Although appointments are for a set time, delays can occur, particularly if the doctor has to discuss a complicated treatment or diagnosis with a patient. Clinic staff will always try to keep you informed of any delays.
When you see the doctor there may be other medical staff in the room. Queensland Health hospitals are teaching facilities and doctors and nurses in training could be present. Your doctor should introduce them to you. If you would prefer not to have these medical staff present please let the doctor know. Asking to be seen alone will not affect your care in any way.
You may ask the doctor questions at any time. If you don't understand anything the doctor explains to you, ask them to explain it again.
Many of our hospitals have staff to help you during your appointment. If you are of Aboriginal and Torres Strait Islander descent, are hearing impaired or need an interpreter, please call the specialist outpatient clinic two days prior to your appointment so assistance may be arranged for you.
You will receive a letter either offering you an appointment or advising that your name has been placed on a wait list. You will receive other letters relating to your appointment as necessary.
While waiting for an appointment it is essential that you:
- advise the hospital immediately of any change of address and/or telephone number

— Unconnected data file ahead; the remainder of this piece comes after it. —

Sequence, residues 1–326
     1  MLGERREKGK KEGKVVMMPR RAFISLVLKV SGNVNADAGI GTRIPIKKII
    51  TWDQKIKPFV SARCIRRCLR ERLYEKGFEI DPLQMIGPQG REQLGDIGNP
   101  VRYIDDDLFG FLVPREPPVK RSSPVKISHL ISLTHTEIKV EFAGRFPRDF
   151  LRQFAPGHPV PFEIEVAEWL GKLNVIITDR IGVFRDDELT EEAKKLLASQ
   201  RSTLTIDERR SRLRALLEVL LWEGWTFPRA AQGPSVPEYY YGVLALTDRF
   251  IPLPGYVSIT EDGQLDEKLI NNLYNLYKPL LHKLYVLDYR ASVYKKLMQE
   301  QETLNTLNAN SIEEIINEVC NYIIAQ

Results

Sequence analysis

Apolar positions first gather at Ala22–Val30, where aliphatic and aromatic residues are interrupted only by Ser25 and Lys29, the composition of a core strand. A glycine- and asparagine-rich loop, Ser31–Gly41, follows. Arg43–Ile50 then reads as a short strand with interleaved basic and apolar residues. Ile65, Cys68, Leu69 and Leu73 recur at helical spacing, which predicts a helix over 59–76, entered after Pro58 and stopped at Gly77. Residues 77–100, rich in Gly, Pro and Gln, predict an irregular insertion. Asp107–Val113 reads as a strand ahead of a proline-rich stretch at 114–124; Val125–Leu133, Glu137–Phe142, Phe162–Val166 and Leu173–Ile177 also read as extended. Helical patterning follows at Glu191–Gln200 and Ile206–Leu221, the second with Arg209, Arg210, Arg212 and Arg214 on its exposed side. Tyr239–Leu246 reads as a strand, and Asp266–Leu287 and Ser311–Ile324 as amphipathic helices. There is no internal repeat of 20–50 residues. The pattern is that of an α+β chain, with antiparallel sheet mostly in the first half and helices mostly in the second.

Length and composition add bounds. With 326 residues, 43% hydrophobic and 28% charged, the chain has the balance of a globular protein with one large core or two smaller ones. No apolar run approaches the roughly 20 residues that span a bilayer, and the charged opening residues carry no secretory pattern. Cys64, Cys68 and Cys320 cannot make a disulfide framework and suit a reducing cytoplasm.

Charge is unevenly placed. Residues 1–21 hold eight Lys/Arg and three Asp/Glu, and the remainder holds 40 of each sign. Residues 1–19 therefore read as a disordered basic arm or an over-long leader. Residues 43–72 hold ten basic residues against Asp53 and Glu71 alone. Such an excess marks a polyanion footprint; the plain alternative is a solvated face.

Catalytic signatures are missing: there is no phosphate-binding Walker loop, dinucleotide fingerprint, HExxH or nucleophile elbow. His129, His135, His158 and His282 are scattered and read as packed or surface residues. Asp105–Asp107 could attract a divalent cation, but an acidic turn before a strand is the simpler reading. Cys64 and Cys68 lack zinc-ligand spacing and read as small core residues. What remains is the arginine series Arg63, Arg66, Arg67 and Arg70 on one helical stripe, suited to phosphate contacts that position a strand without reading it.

- advise the hospital if there are any periods when you are not available to attend your appointment
- advise the hospital if you have attended an appointment elsewhere or if your appointment is no longer required
- reply to any correspondence that you receive from the hospital
- continue regular contact with your GP for ongoing health care.
We are committed to respecting your rights as a patient in line with Queensland Health’s values of caring for people; leadership; respect and integrity. We have a responsibility to:
- provide you with care in accordance with our values
- give you a clear explanation of your condition, problem or disease
- inform you about treatment options and choices
- enable you to fully participate in decisions made about your treatment and care
- provide you with access to the services of a professional interpreter
- obtain your informed consent before treatment begins (except in emergencies)
- ensure confidentiality about your care unless the law requires such information to be given to some person or authority
- respond as promptly as possible to any need or concern you may have.
You can contact the outpatient clinic staff on the number listed on your appointment letter.
We strive to ensure that our patients are happy with their visit and care. If you would like to provide us with feedback about your visit please let us know. While at the hospital, you can speak with the clinic staff or ask to see a Patient Liaison Officer. Alternatively, you can telephone or write to the clinic after you have left the hospital, or complete an online form about the health care you have received.